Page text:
Subwoofer Amplifier Hum Only — Help

Not to beat a dead topic here, but I have scoured the web in search of a solution or answer to a nagging subwoofer hum. I believe this problem is a bit unique, as I’m beginning to doubt that it is a ground loop-related issue (which, in fact, is covered web-wide), but do not have the technical prowess, nor the electrical knowledge to define the problem or fix its source.

First, some background: I had purchased a MartinLogan Subwoofer a few weeks ago to fill in the bottom-end of my Harbeth speakers; it’s a 2-channel rig only (no satellite/cable/HDTV) that includes an Integrated Tube Amp, a Benchmark DAC, Cambridge Audio 840C, Audio Magic Power Purifier and various PCs, Speaker Cables and Interconnects from Ridge Street Audio, TG Audio and Virtual Dynamics. I have never had noise, hum, clicks or anything of that nature pre-subwoofer; my system was satisfyingly dead-quiet. Once I integrated the sub into the system, I can hear a very faint hum coming from the subwoofer-only when I am two feet or closer; I don’t believe the usual hum volume from the speakers has changed any since this was added. I bring this up for context, as you can hear an ever-so-slight hum from the speakers, but you really have to press your ear up to the grille cloth…it’s not very audible now, nor was it before all of this. I’d say from a dB point-of-view, it is the same.

I have done all of the various things associated with trying to locate the source of a ground loop — cheater plugs on various PCs; unplugged all sources and plugged them back again; plugged them in the same outlet (a cryo-ed Oyaide variety); used audio ground isolation transformers; connected the amp to sub with Audioquest Sub-X sub interconnects (2), connecting the grounding lug wires on the Audioquests to both the sub and the amp; used about five varieties of shielded and unshielded interconnects (each RCA low-level connection efforts from amp out to sub in)…

Nothing has cured this ailment. I am beginning to think there is something the matter with the MartinLogan Sub’s amplifier. I would’ve thought one of these efforts would take care of the hum. As I say, it isn’t really very noticeable unless I’m changing out discs or placing my ear to the subwoofer — but it’s there nonetheless. The hum exists even when the ICs are disconnected; however, when it goes into standby mode or is powered-down, it is silent (no hum).

So with all of this, can anyone offer any suggestions, recommendations or sage advice to this problem? I am at my wits end and need help! Thanks so much all of you.
I'm guessing a couple of things are happening.You mention so-slight hum prior to the sub.That may or may not be amplified some by the sub,depending on the source of that slight hum.One thing to try if your very careful,try your cd player direct into the sub without any other component hooked to it.First off,VERY IMPORTANT,note the subs settings and turn the level/gain on it(sub) all the down before trying this.With the output of your cd player hooked up to the sub,level on sub turned down,hit play on the cd and slowly turn the level/volume of the sub up some so you could here the bass part of the music playing.Now with the music playing through the sub giving a low level bass,pause the cd player and listen for the hum,if it is present my guess would be the sub is the problem.Use extreme care with the subs level control doing this.This is the only at home test I could think of without swapping new components into the picture.Plug both into the same outlet while doing this trial.If you get carried away with the subs level/volume control and blow the sub,don't blame me.Don't forget the cd player is running at full volume,that is why you have to be careful with the subs level/volume control.It will be the only volume control with this cd direct hookup.With it in pause,you shouldn't hear that same level of hum.I hope this helps you find out if the sub is faulty.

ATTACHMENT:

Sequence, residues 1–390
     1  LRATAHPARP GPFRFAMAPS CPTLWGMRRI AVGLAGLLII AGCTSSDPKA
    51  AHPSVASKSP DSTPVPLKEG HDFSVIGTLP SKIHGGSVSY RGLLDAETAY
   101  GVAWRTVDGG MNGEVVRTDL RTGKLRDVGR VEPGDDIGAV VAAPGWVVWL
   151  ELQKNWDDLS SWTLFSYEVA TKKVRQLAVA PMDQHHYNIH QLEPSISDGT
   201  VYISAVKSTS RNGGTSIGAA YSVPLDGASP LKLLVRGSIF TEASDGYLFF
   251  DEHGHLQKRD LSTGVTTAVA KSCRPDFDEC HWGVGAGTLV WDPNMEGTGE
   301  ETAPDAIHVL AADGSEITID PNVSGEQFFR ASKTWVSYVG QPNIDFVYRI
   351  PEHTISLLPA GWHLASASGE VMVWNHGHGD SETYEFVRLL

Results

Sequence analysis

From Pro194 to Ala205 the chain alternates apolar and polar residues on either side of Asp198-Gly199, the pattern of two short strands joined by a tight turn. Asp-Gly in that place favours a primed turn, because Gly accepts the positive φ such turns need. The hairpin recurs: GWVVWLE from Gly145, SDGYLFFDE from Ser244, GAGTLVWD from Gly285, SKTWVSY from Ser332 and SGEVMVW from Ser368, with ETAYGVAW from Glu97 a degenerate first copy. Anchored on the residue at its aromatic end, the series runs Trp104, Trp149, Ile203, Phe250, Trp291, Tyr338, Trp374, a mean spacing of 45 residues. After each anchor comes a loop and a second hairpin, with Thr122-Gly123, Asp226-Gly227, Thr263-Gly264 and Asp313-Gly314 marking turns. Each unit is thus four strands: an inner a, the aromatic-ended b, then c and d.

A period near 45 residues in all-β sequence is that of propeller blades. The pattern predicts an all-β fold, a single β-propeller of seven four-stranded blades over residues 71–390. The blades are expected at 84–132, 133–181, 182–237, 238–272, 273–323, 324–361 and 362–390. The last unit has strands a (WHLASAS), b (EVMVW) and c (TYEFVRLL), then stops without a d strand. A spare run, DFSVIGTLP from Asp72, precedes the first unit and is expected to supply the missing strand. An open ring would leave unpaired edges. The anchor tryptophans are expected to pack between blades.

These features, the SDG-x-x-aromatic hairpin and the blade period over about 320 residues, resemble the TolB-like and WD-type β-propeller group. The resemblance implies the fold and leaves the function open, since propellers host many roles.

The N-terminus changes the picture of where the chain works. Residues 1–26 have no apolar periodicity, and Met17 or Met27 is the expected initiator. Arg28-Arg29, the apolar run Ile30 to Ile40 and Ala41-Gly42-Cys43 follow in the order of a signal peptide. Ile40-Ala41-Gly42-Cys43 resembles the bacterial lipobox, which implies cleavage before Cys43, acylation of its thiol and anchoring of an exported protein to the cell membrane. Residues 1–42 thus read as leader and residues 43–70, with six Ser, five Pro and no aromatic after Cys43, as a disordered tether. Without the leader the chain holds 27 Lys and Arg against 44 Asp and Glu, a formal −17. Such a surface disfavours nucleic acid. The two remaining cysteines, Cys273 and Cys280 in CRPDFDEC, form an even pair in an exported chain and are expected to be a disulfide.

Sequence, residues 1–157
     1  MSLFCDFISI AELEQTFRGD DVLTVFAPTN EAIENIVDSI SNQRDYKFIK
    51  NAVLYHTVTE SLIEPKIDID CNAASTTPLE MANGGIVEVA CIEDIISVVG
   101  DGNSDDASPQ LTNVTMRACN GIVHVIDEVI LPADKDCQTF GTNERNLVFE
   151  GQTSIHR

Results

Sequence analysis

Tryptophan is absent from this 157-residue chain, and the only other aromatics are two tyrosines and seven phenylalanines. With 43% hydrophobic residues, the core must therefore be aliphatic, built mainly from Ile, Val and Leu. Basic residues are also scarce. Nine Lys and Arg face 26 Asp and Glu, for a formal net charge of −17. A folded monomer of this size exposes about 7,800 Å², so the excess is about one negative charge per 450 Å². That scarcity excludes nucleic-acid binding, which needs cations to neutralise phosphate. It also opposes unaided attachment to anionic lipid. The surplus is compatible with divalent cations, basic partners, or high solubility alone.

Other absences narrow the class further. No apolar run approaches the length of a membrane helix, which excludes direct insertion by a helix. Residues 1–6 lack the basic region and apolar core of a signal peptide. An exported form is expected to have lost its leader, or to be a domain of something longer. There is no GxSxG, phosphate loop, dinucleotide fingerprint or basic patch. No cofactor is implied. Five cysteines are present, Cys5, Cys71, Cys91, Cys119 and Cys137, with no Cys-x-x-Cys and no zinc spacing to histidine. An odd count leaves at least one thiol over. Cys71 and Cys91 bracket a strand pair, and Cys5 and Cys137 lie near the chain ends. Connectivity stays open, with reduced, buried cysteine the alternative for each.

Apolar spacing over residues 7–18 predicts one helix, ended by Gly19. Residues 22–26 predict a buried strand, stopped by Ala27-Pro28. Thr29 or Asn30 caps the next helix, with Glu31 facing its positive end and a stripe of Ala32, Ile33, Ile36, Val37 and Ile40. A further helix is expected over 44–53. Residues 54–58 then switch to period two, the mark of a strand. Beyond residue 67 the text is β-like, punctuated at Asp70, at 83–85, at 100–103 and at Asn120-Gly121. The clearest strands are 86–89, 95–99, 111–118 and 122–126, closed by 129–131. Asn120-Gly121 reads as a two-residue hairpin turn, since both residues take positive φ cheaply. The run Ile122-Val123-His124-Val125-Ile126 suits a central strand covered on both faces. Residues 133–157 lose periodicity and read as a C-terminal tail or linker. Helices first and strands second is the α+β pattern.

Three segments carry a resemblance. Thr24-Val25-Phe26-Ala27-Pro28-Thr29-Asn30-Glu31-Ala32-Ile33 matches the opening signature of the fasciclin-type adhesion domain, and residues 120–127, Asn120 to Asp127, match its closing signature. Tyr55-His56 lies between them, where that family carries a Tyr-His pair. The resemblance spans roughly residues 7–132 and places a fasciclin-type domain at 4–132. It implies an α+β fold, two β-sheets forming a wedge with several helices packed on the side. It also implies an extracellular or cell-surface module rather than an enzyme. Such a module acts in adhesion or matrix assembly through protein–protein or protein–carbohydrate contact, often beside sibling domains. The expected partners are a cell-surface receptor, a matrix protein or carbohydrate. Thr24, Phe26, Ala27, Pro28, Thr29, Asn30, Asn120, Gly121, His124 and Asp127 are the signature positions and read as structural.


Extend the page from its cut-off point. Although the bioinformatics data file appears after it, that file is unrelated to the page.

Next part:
Very interesting. I have never seen anyone offer this kind of test. How did you come by it? I wouldn't have thought to do that in a hundred years. At any rate, I'd never blame you (or anyone) if I screwed up (common sense must prevail, right?); but I see what you're saying about the gain/volume.
I'm messing around with it a bit right now. I will try this out and report my findings — good, bad or indifferent. Thanks for your insightful post.
I've been in this hobby with a friend I grew up with since our pre-teen years. We both like music and electronics.Years back I bought a used sub advertised in our local paper.I listened to it at the sellers house with loud rock.I heard deep bass and thought all was ok.When I hooked it up at home,I thought I herd a strange jingling/rattling noise.The only way I could think of was to hook it up to a source only so I wouldn't hear the main speakers.Trying this sure enough revealed a damaged voice coil.Since then I've used this method for listening to the sub only for defects.
Well, as per recommendation, it was indeed the amp in the sub after all. I ended-up taking it back and purchased an REL T-2, as I figured this might mate well with the Harbeth P3s I have in a secondary system (and its smallish size, like the Dynamo, might work in a 12' x 18' x 8' room). I also like how RELs utilize their high-level connection. The only problem I might initially have is setting the crossover for the REL, as it is reported by most that they need the crossovers set much lower and the gain a bit higher than one is used to. As the P3 measured pretty-much flat down to 63Hz in my room, I'm stumped as to what I should set it at. Anyone have suggestions, feel free to chime in.
At any rate, the Dynamo 700 was a much better performing musical sub than I ever would've guessed; I just couldn't get past the low-level hum in the room...